One of the questions that sometimes surfaces from prospective families at Paideia is: “Do you teach Common Core math?” This question usually bubbles up from either a visceral loathing of Common Core or a nervous fear that students who don’t do Common Core will somehow be “behind.”
Before answering that question, I like to ask some questions of my own. “What does Common Core math mean to you? What do you not like about it?” Or alternatively, “Why do you think it is important?”
COMMON CORE: WHAT IS IT GOOD FOR?
Common Core math was created because educators noticed students having a lack in critical thinking skills in mathematics. Students appeared to just be memorizing ways to do problems in a “monkey see, monkey do” fashion, rather than understanding the why behind what they were doing. Common Core was an attempt to build number sense into mathematical learning, teaching students to recognize patterns and reason out steps on their own instead of simply memorizing processes.
But although creators of Common Core math correctly emphasized critical thinking skills, they incorrectly identified memorizing as a negative and as being at odds with comprehension. Over the last decade, addition, subtraction, multiplication, and division fact fluency has fallen by the wayside as the importance of memorizing basic arithmetic facts has been steadily deemphasized and denigrated. Students being able to reason out the process for the problem has become more important than students actually being able to complete the problem correctly. “Because…we all have calculators now, don’t you know?”
JOINING IMITATION WITH REASON
At Paideia, we believe that both number sense and fluency in arithmetic facts are important. In fact, the ability to do arithmetic fluently can actually lead to far greater number sense. The student who has no difficulty adding 5 and 16 in his head, will not have an extra barrier to contend with when understanding how to move numbers to opposite sides of the equation in Algebra. The student who is quick with her multiplication tables will be able to see at a glance how she can factor numbers out of the polynomial.
Memorizing math facts is important. Understanding place value, identifying patterns, decoding word problems, reasoning independently, and explaining your solutions are also important. As one of our favorite books, The Liberal Arts Tradition, puts it, imitation must be joined with reason before the art of arithmetic can be achieved. It is essential to realize that math fact fluency and critical thinking work together to build a strong math student.
BUILDING NUMBER SENSE…WE’RE HERE TO HELP!
The approach to math that we use at Paideia targets both of these skill sets. Our Math-U-See curriculum is consciously designed to foster number sense. Some of the ways of doing addition and multiplication in our Math-U-See curriculum can seem strange to parents at first. Students learn to estimate for approximate answers before solving for exact answers. Students expand the notation for their multiplication problems to understand what each number means according to its place value. “This isn’t how I learned to do math!,” some parents might think. “So how can I help my child?”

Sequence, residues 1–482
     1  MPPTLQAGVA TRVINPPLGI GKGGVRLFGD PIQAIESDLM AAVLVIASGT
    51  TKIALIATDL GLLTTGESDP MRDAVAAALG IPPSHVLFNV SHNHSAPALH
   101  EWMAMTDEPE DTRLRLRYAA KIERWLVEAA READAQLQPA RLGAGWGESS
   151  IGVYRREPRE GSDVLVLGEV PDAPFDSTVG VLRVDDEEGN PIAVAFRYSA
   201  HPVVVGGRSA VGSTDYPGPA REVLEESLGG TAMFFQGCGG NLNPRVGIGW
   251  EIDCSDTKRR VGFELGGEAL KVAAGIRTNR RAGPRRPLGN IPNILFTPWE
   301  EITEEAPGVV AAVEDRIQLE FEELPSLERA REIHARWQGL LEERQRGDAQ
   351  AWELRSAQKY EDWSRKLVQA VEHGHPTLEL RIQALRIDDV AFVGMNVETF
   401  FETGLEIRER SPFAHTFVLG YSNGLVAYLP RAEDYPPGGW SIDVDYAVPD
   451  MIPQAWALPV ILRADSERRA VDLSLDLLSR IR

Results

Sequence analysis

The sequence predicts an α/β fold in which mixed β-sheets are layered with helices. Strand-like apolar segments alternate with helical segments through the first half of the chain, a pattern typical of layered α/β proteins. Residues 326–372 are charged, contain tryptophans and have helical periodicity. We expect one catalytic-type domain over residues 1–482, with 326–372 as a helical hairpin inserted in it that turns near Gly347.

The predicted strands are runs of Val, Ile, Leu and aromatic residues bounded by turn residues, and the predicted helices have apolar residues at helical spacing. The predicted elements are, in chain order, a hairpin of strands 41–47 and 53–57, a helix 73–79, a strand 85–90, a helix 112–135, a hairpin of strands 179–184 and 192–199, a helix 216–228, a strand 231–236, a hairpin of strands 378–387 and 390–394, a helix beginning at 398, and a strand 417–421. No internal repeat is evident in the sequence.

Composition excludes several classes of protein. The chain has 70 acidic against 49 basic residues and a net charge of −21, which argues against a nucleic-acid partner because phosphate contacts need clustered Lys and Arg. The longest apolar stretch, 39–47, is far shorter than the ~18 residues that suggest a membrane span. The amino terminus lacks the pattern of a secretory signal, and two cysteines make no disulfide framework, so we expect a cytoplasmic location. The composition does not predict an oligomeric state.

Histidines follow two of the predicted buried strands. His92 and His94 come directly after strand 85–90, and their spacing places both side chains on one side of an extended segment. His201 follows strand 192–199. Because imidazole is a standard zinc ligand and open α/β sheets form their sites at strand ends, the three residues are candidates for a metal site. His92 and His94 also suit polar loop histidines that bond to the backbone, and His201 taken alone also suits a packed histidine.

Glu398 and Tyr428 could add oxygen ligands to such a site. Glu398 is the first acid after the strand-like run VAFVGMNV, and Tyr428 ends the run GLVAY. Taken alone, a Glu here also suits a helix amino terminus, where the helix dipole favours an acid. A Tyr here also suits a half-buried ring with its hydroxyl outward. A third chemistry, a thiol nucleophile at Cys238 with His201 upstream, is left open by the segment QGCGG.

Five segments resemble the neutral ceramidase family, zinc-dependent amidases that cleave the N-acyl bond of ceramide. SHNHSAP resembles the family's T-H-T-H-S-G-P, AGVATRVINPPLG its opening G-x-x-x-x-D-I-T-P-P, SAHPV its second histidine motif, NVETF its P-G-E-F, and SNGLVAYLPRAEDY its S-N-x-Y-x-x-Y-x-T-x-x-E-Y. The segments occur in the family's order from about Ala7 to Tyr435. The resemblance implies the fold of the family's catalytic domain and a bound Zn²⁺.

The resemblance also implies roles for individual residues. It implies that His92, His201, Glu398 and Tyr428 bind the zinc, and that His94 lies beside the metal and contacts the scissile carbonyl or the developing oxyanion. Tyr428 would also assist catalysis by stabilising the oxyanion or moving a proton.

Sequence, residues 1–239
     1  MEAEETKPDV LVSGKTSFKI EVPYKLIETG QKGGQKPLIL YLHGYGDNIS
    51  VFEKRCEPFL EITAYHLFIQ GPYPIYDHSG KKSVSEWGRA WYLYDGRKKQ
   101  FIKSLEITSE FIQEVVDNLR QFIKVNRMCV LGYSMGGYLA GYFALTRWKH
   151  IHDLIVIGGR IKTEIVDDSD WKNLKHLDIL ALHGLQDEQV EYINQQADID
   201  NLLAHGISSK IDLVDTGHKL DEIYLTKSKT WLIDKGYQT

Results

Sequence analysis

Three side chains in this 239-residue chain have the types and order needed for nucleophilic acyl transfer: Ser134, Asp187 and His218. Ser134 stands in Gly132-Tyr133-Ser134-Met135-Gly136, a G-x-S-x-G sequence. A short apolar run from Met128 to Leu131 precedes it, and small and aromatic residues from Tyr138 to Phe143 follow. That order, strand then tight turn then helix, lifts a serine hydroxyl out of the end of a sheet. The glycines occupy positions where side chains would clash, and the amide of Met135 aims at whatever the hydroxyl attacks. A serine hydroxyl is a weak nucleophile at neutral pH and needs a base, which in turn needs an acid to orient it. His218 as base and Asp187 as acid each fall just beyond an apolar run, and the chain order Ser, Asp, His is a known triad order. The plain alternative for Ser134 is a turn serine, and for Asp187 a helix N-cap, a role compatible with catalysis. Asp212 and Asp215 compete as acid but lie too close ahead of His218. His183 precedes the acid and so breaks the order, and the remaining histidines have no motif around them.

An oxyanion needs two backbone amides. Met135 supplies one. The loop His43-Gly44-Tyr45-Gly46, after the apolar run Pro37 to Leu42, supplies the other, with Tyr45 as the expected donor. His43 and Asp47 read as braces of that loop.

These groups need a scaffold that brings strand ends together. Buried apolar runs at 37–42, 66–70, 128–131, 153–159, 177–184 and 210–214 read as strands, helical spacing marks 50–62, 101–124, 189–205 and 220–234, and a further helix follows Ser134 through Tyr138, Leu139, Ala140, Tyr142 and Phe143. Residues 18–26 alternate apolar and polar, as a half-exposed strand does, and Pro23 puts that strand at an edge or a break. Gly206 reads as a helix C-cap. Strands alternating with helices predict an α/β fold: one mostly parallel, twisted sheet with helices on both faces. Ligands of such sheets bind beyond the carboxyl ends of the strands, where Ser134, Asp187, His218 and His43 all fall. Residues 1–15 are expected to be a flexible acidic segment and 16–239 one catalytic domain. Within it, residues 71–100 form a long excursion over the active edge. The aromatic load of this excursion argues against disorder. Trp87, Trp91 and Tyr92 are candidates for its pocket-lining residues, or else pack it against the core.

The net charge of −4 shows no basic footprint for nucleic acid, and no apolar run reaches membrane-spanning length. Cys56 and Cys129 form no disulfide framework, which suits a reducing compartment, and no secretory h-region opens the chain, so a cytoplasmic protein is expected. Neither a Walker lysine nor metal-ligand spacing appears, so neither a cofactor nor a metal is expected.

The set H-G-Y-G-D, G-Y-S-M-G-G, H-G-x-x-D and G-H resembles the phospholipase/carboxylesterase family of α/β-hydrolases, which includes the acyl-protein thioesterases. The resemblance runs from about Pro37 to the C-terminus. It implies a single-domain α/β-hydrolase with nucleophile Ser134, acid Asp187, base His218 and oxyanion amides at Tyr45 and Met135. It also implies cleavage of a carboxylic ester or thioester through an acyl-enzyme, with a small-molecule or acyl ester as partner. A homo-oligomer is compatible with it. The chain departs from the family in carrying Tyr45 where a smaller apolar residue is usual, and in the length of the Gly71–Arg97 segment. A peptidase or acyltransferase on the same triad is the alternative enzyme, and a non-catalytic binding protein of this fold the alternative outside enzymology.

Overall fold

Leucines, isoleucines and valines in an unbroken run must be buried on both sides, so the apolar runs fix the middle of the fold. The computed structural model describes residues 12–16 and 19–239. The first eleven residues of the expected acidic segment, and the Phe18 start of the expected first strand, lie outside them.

We are here to assist you. If you have questions about “the rule of four” or “the same-difference theorem” or any of the unfamiliar methods in our Math-U-See curriculum, don’t hesitate to ask. Most of our teachers would likely tell you that they understand how numbers work far better after learning the methods Math-U-See uses.
MEMORIZING MATH FACTS…EVEN WHEN IT’S HARD
Along with inculcating number sense, we are always working to build arithmetic fluency. At the beginning of each elementary class, students do a timed math facts page, mental Calisthenics to “warm up” for the practice that lies ahead.
In 1st-6th grade you will also see math facts on the at-home work checklist. It can be tempting to skip over these instead of making a daily effort to master them. (I know from personal experience that students who struggle the most with math facts are the most prone to shirk practicing them…) However, skipping math facts practice because they are hard for your child is counter-productive and ensures that your child will struggle with math all the way up through algebra.
Lean into the hard. Use strategies like breaking addition facts into small chunks and doing them over and over. Practice skip counting 8s first, and then time how fast you can do the 8s multiplication facts. Try to better your time the next day.
Think of arithmetic as any other skill that needs to be learned. When your daughter learns basketball, you don’t just teach her “the process of a layup”, you make sure she has the muscle memory to put the ball in the basket over and over again. When your son gets a new Chopin prelude, you don’t let him settle for “understanding how the chords work”, you have him play it over and over again until his hands transition fluently through each cadence. Math, like sports and music, is a skill that requires drill.
Giving our children the gift of mathematical reasoning and fluency is more than an attempt to make them successful in college or a bid to get them a well-paying career as an engineer. In a very real sense, it is an attempt to open their eyes to the order, design, and beauty of the world in which they live.
One of Isaac Newton’s most famous quotes is that “God created everything by number, weight, and measure.” Numbers are built into the fabric of our world, and the more we learn about the numerical patterns, processes, precision, and predictability of Creation, the more we learn about the nature of the Creator.
Proverbs 25:2 says “It is the glory of God to conceal a matter, but the glory of kings is to search out a matter.” Let us teach our children the glory of the search.